The new super adventure inspirationally labeled “Justice League” is an extremely crowded affair littered with jumps in plot, and things end up exactly as one might expect: in a giant CGI beatdown with an arch-villain. Still, after the turgid “Batman v Superman” it’s good to see Zach Snyder fit a lot into a neat two hours, and finally do justice to the floundering DC Comics franchise. (An encouraging trend, considering the sharp and fun “Wonder Woman” directed by Patty Jenkins.)
Things pick up in the immediate aftermath of “BvS,” with Superman (Henry Cavill) still dead or comatose and his mortal darling Lois Lane (Amy Adams) burdened by grief and suffering reporter’s block. That leaves fellow “Leaguers” Wonder Woman (Gal Gadot) and Batman (Ben Affleck) to fend for the world as alien ghouls with dragonfly wings descend upon the planet in slow strokes, kidnapping folks. Batman (what is it with these movies where Christian Bale and Affleck talk in constipated growls from behind the mask, but are smoothly eloquent in Bruce Wayne mode?) deduces astutely that the nasty bug-beings are part of a bigger plot – to unite the three Mother Boxes (like the Infinity Gems over in the Marvel Universe) and give an entity known as Steppenwolf – not to be confused with the band founded by John Kay (“Born to be Wild”) or the novel by the tortured German novelist, Hermann Hesse – the ultimate power to terraform the earth and wipe out humankind.
Yeah, we’ve been here before (“Man of Steel”?), but writers Joss Whedon, who wrote and directed “The Avengers” flicks and Chris Terrio, Affleck’s scribe on “Argo,” mine a rich potpourri of personalities for all they’re worth, including some nicely flirty exchanges between Gadot’s amazon warrior and Affleck’s wealthy playboy. The real fun is carried in by Ezra Miller as The Flash, a young man with superpowers, social anxieties and a need to carbo load (running at the speed of sound can really burn up your reserves) who’s never really “done battle” before. He’s the kind of wet-behind-the-ears, socially awkward, tongue-in-cheek spark plug that provides much-needed comic relief, the same way the young Spider-Man (Tom Holland) did in “Captain America: Civil War” – and an ounce of gee-whiz uncertainty can go a long way, especially when its issuer can toss a car across a parking lot.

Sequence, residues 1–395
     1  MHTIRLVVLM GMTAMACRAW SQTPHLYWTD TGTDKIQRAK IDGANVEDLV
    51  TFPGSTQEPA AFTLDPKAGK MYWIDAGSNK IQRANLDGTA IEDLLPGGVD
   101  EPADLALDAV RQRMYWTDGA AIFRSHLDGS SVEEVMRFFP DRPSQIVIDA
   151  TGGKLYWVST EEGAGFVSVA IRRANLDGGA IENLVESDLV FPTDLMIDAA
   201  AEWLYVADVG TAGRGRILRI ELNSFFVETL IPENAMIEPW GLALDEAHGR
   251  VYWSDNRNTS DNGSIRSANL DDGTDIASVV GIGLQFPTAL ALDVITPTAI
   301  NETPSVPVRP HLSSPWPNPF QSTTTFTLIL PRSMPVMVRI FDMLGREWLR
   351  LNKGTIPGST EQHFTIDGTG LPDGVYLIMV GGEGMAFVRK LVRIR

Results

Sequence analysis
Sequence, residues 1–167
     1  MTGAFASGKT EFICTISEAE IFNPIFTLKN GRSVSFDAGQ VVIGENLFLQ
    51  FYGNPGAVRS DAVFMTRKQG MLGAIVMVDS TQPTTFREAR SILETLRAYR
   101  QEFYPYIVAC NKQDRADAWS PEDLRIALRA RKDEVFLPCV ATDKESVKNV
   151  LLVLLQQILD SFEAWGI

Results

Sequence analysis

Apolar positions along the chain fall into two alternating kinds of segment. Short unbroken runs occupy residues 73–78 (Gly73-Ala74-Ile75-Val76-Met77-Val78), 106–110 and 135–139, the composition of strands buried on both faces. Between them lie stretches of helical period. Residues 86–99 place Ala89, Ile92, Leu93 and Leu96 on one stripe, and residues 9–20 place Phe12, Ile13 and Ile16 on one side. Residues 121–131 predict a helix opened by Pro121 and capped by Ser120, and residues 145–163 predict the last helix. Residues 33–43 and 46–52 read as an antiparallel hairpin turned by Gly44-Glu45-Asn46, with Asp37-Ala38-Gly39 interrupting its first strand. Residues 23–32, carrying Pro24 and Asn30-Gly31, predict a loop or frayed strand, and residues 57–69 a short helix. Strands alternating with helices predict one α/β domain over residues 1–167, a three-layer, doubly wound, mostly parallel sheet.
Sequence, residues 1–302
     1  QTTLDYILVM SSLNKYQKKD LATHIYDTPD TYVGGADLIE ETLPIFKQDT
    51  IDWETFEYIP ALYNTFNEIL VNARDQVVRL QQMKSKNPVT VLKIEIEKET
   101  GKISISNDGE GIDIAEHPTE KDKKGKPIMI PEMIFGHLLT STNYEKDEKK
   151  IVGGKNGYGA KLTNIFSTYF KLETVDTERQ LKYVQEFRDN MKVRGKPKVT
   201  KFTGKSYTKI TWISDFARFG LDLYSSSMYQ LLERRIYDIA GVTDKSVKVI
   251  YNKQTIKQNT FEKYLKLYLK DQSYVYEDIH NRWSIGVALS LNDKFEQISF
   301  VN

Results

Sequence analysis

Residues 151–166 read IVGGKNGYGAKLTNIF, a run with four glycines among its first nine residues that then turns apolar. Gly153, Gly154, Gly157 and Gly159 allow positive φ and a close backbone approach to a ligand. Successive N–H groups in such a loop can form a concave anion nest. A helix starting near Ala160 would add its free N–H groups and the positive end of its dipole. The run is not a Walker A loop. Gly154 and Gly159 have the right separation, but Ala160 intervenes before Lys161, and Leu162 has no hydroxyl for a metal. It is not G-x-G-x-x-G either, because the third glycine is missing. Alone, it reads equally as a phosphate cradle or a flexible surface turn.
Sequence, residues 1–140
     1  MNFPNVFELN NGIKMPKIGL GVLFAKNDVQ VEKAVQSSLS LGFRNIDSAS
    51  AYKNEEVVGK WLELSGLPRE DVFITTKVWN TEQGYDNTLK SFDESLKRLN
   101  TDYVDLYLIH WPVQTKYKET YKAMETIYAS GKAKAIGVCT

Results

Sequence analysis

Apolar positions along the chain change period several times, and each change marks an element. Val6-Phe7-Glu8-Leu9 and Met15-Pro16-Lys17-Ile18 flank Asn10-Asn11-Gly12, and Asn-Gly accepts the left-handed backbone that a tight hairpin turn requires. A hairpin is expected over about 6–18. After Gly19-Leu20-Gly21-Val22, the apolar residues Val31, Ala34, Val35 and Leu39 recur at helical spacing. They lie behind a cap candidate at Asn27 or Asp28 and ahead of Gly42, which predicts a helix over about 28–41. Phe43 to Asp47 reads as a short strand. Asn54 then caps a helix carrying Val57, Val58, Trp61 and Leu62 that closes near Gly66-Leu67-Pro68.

The Flash is just one of the new players. Joining him is the half-human, half-bionic entity referred to as Cyborg (Ray Fisher), a downer of a dude with a bit of a chip on (in?) his shoulder, and the merman, Aquaman (Jason Momoa), who in this incarnation is a sculpted, tattooed hipster (a far cry from the blond-haired, square-jawed, do-right in the “Super Friends” cartoons) not so interested in the saving the world. The latter two don’t make as big of a splash as the others in this chapter, but they – ostensibly like The Flash – are due to get their own spinoff at some point.
When the galactic gump finally hits the super-fan, Steppenwolf, voiced by Ciarán Hinds, proves a step up (pun slightly intended) from the growling CGI mass in “BvS” known as Doomsday. Besides that film’s tedious lead-up to the Batman-Superman brawl, their postbellum union to take down the unimaginative, green-screen rendered amalgam was an armor-piercing strike that addled what could have been something more nimble and rewarding. Steppenwolf, looking like a Roman or Norse god of war, is more, but barely. For plot’s sake, you bite, but essentially he’s the McGuffin to build the League around. Like me, you may yawn and think how nice it would be if someone would dial in Loki, Hela or even Jeff Goldblum’s droll Grandmaster from “Thor: Ragnarok” – I know: wrong universe, film and comics. But still.
In the end, Snyder has righted the boat; now all he needs to do is to find a villain worthy of his stacked team.
Tom Meek is a writer living in Cambridge. His reviews, essays, short stories and articles have appeared in the WBUR ARTery, The Boston Phoenix, The Boston Globe, The Rumpus, The Charleston City Paper and SLAB literary journal. Tom is also a member of the Boston Society of Film Critics and rides his bike everywhere.